Eating Disorder Awareness | Worried About Someone?

Eating Disorder Awareness | Worried About Someone?

This article has been written and medically approved by Pharmacist Conor McSorley GPhC Reg No. 2223070

Are you worried about someone you know?

Eating disorders are serious mental illnesses and nobody is to blame or feel shame for having one. Often people who suffer from eating disorders aren’t even aware there is a problem and if they do, try to deny it being an issue. Although they may not have felt like it at the time, many people who are in recovery agree that breaking the silence and getting help was the right thing to do. The chance of a fully sustained recovery is improved, the quicker that someone can get the treatment they require. A major barrier to getting the help that they need is the lack of support around them in seeking help, even if you feel you are a person that is easily approachable and someone can talk to you, it can often make it easier for someone suffering to be approached about the condition.


Here are some a few of the options you can use before and during a conversation with someone who you suspect might have an eating disorder:

  1. Get informed before you start the conversation

Reading and thinking about what you want to say before starting the approach can not only make things easier for you but also the person you care about. Knowing how you want the conversation to go will help you provide the best possible care for that person rather than rushing in about something you don’t understand. BEAT have some great and informative information available online here (

  1. Start the conversion in a safe place

It is important that when discussing sensitive information, such as an eating disorder, the person feels safe and disturbances are rare. Choose somewhere the person is likely to open up and not feel like anyone else might come in at any time. Remove any distractions such as a phone or television and if you are one of several people who is concerned, then choose the person most suitable that they will open up with.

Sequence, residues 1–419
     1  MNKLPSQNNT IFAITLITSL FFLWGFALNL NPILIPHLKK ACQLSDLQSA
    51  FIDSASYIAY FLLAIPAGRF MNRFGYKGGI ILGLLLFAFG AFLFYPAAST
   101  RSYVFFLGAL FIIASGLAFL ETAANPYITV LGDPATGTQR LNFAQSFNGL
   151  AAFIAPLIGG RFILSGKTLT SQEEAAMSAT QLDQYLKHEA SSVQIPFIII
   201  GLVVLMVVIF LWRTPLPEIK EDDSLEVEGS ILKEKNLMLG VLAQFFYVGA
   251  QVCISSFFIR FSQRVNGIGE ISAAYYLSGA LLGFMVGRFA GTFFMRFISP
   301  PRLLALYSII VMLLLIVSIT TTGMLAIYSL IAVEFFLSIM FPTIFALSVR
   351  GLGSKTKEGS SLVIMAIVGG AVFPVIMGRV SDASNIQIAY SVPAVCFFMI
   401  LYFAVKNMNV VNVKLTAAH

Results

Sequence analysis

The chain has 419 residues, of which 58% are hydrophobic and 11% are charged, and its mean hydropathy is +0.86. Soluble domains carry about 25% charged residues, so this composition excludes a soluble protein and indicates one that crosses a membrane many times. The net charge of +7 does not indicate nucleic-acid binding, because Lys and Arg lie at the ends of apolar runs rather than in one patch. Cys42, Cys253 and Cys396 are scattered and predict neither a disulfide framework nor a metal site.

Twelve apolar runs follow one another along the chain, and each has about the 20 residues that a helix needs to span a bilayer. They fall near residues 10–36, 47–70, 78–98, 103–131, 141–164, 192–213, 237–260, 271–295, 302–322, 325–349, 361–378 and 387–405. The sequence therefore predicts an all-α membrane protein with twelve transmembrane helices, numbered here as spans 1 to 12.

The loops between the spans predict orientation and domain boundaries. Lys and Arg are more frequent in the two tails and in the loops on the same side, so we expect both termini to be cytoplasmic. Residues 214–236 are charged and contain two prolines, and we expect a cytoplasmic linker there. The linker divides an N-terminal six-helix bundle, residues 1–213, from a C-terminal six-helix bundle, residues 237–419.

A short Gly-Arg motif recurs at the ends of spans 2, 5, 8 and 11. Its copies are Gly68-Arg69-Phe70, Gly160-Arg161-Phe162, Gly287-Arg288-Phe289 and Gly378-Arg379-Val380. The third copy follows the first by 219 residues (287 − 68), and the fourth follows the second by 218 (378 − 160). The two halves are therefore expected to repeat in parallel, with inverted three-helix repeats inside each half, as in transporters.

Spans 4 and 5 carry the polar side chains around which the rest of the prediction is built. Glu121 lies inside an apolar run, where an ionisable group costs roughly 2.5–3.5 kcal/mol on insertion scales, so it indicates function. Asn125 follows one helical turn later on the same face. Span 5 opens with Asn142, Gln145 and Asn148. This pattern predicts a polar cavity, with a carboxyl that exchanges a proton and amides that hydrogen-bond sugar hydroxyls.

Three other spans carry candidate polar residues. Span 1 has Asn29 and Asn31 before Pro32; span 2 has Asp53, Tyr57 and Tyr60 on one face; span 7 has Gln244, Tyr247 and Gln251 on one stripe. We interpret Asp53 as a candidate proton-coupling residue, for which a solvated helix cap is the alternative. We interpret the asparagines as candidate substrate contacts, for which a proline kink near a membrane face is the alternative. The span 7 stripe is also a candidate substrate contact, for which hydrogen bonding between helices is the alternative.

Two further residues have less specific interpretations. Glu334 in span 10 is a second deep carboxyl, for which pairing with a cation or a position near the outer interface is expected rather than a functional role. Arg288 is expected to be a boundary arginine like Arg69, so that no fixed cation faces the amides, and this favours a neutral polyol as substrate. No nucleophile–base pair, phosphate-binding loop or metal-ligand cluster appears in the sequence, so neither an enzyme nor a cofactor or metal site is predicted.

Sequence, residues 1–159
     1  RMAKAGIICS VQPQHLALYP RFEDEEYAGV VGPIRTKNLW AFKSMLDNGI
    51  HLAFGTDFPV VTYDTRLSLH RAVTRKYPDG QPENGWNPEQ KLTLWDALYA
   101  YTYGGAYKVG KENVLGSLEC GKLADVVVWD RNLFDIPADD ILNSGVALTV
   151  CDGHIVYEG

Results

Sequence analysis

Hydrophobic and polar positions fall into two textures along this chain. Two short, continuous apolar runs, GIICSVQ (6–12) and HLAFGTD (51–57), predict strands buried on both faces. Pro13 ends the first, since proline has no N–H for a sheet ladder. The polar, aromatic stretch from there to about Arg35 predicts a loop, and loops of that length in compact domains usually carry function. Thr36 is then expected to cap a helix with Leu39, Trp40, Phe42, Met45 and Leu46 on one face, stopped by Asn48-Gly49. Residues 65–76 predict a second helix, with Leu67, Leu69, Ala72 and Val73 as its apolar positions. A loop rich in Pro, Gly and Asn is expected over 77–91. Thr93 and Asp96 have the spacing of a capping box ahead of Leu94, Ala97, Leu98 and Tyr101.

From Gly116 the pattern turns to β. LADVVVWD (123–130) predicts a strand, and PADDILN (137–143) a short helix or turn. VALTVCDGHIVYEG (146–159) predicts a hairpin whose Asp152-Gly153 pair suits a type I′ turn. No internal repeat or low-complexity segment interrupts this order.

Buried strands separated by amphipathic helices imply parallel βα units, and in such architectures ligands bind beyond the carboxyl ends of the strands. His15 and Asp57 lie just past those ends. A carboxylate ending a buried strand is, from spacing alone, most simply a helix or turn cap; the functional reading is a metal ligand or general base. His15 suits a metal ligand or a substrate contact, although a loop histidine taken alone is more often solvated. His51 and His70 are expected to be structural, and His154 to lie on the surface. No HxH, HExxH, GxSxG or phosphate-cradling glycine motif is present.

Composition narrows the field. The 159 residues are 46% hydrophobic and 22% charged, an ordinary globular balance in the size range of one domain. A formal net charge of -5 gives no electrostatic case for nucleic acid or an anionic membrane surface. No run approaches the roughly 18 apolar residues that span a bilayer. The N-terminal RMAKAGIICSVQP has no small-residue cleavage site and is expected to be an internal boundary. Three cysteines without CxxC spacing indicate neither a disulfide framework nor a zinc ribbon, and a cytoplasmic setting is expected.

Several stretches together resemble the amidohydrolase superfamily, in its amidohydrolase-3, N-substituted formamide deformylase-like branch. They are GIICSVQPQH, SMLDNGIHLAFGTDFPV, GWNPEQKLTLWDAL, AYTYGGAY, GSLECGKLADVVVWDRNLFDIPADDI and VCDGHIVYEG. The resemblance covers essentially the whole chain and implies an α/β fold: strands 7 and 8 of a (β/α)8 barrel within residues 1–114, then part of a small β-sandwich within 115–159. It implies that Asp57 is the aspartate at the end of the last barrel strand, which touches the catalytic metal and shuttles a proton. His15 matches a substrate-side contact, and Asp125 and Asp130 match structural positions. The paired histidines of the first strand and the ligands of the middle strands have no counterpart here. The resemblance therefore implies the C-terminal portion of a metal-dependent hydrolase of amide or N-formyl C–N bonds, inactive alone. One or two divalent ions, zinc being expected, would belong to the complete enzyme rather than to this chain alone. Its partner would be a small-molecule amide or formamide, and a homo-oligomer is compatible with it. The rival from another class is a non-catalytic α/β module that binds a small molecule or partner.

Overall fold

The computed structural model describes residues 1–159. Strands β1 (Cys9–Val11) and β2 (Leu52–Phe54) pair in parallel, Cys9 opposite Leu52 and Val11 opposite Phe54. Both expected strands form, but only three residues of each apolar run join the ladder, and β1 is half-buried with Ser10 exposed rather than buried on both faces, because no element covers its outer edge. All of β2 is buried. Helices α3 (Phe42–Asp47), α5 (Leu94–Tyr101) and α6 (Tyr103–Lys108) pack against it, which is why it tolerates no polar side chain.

1. Start the conversion at the right time

Ensuring you start the conversation at a time which suits you both, when neither of you feel angry, upset or in a rush. Don’t choose a time where you will need to leave quickly to get somewhere to avoid the full discussion. Plan your time accordingly. Avoid any time around meals including just before, during or after.

  1. Have some prompts to help the discussion

Print some information out that can help steer the conversation or the person might find relatable. You can share this with them or leave them to read through it by themselves.

  1. Don’t be aggressive

An eating disorder is a mental illness and will be a sensitive subject for many people suffering. They may be angry or defensive, but it is critical to avoid getting angry in response and don’t be disheartened or put off if they put up a wall. Reassure them that you are here for them and are there when they are ready. Try to avoid backing them into a corner or use language that feels accusatory. (‘Would you like to talk about how you are feeling?’ rather than ‘You need help’)